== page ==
I entered the front door. The line was barely a third of the way through. Somehow, I had passed the woman, too, and there was now a Japanese girl in front of me. She may have been in high school. I never talked to her, but she snickered a lot. She was looking at a book entitled something like Things Women Expect of Men but Won't Tell Them. After she put the book down, I just glanced at a single random page. It said something like, "Every man over 21 years of age needs to shave every day; evening appointments require you to shave twice that day." I thought about myself. I don't like shaving, but I do most days so I don't inspire others to puke as a response of social disgust. On Saturdays, I don't shave since it is the Sabbath. I try to abide by the Nazarite vow on Saturdays: no hair cuts, no grapes or wine, and no carcases. Around one of the turns in the weaving of the line, I returned to my original position.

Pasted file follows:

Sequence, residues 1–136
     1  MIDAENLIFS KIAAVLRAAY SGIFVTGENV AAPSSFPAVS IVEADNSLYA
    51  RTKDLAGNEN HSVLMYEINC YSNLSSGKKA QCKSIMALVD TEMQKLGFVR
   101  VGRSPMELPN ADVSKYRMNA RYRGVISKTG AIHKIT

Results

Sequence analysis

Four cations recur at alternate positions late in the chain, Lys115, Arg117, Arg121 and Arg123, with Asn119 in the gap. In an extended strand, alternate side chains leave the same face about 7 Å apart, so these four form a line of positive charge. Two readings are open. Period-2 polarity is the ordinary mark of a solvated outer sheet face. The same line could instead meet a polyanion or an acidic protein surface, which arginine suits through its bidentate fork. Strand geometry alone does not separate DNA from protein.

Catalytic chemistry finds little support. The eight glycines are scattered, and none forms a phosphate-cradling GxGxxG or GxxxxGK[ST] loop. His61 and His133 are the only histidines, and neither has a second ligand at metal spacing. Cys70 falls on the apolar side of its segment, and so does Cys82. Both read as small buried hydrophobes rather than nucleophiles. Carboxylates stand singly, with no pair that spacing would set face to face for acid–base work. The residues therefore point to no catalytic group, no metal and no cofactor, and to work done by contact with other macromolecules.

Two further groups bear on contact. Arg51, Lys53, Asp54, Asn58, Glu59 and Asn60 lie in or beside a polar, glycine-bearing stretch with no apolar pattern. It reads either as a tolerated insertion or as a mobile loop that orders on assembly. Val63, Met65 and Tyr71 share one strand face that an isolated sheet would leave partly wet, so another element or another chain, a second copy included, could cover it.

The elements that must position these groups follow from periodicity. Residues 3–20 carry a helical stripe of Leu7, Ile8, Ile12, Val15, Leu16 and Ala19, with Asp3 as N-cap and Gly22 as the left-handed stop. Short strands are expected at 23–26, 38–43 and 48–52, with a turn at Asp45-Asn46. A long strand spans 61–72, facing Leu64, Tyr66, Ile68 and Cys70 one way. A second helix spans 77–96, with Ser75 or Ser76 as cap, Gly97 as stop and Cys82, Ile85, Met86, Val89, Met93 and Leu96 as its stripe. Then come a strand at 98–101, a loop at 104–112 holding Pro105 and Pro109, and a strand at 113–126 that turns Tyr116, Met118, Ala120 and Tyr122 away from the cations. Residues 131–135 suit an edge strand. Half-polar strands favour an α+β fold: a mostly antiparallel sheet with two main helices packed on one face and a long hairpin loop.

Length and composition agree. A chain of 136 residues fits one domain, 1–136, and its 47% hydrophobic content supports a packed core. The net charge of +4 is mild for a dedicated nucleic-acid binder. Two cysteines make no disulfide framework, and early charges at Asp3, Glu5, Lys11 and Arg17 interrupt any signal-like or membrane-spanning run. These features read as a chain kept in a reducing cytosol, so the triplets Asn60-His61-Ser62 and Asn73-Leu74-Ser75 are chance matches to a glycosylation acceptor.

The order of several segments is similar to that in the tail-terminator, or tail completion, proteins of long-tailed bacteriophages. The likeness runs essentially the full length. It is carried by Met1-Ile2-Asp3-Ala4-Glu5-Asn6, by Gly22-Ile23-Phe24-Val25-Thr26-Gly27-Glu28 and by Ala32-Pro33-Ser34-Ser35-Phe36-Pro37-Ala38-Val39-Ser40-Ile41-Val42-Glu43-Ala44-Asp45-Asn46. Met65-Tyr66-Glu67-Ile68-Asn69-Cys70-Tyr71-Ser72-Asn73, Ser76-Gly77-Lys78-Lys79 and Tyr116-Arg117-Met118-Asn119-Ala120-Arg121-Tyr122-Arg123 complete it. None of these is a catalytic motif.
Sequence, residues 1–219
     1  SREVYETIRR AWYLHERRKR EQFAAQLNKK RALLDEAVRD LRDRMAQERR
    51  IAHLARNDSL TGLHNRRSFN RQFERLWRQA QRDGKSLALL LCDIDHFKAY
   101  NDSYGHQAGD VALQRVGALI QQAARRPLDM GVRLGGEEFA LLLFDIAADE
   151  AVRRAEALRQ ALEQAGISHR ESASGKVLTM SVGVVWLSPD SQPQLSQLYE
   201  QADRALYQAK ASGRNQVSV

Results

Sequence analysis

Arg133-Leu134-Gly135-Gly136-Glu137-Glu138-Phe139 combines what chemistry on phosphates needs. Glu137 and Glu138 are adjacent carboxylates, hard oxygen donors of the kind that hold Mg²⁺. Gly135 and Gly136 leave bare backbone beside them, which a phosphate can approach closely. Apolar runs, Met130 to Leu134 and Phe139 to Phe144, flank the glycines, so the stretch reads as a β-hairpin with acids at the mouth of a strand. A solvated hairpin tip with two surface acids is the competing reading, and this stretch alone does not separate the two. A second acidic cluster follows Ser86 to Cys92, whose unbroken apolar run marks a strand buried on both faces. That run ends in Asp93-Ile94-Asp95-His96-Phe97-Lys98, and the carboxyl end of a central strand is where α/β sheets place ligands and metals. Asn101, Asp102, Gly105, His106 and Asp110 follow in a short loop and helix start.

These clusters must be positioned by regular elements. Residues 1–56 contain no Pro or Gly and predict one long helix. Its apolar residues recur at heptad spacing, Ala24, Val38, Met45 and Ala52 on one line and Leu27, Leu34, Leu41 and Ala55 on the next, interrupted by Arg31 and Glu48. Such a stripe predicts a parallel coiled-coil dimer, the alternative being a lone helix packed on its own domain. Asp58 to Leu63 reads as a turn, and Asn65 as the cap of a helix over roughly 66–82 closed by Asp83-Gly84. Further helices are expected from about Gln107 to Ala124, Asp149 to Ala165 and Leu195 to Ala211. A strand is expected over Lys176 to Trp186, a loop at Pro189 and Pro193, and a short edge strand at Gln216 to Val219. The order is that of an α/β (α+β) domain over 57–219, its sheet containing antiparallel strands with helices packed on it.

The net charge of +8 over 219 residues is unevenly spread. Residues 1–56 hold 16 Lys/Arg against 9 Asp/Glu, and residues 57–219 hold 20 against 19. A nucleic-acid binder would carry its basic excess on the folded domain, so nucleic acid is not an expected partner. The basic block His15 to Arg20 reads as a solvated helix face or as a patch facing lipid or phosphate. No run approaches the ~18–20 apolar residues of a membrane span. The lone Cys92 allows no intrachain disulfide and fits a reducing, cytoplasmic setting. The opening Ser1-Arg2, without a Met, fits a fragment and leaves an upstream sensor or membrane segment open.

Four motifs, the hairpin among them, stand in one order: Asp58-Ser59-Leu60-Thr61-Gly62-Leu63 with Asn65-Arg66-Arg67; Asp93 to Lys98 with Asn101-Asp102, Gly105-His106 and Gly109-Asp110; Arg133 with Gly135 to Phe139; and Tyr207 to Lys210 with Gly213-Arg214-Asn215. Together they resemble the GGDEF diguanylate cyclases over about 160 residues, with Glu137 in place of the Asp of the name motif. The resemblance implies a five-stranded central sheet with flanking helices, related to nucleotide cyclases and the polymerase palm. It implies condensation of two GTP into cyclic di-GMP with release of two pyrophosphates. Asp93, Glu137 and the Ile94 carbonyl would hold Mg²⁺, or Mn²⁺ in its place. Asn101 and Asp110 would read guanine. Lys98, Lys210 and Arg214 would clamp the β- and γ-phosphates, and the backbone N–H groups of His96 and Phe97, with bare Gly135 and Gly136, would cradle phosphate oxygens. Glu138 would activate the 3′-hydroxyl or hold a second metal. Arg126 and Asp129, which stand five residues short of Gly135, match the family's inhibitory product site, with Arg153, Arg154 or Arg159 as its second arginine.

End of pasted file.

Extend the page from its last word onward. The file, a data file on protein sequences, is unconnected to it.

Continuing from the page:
Eventually, I got close. I could see Mr. Carter. I could see men in suits around him. The whole event was being rushed since there were so many people. The man of the couple behind me said he thought a hundred thousand people might see him to-day, but I thought he was stretching the truth a little.

I walked passed the man in the suit. A woman took my two books and opened the front binding so that Mr. Carter could quickly scribble his signature (without personalisation). I heard the woman in front of me mentioning her uncle (or whoever that was) to Mr. Carter. He said that he remembered him from the Naval Academy in his stately Southern voice. I was too thrilled to say anything, until he first said "Hello" to me. I was shy, but I still said "Hi." I think I threw in an awkward "Good evening." Mr. Carter remained dignified with a big (but not too big) pleasant smile. I forgot to say "Thank you."

I was really thrilled. It was such an honour to see the President. I didn't shake his hand. Maybe I could have, but I dared not ask. I felt good.

Go back tomiscellany menu
Go back toCurtis's home page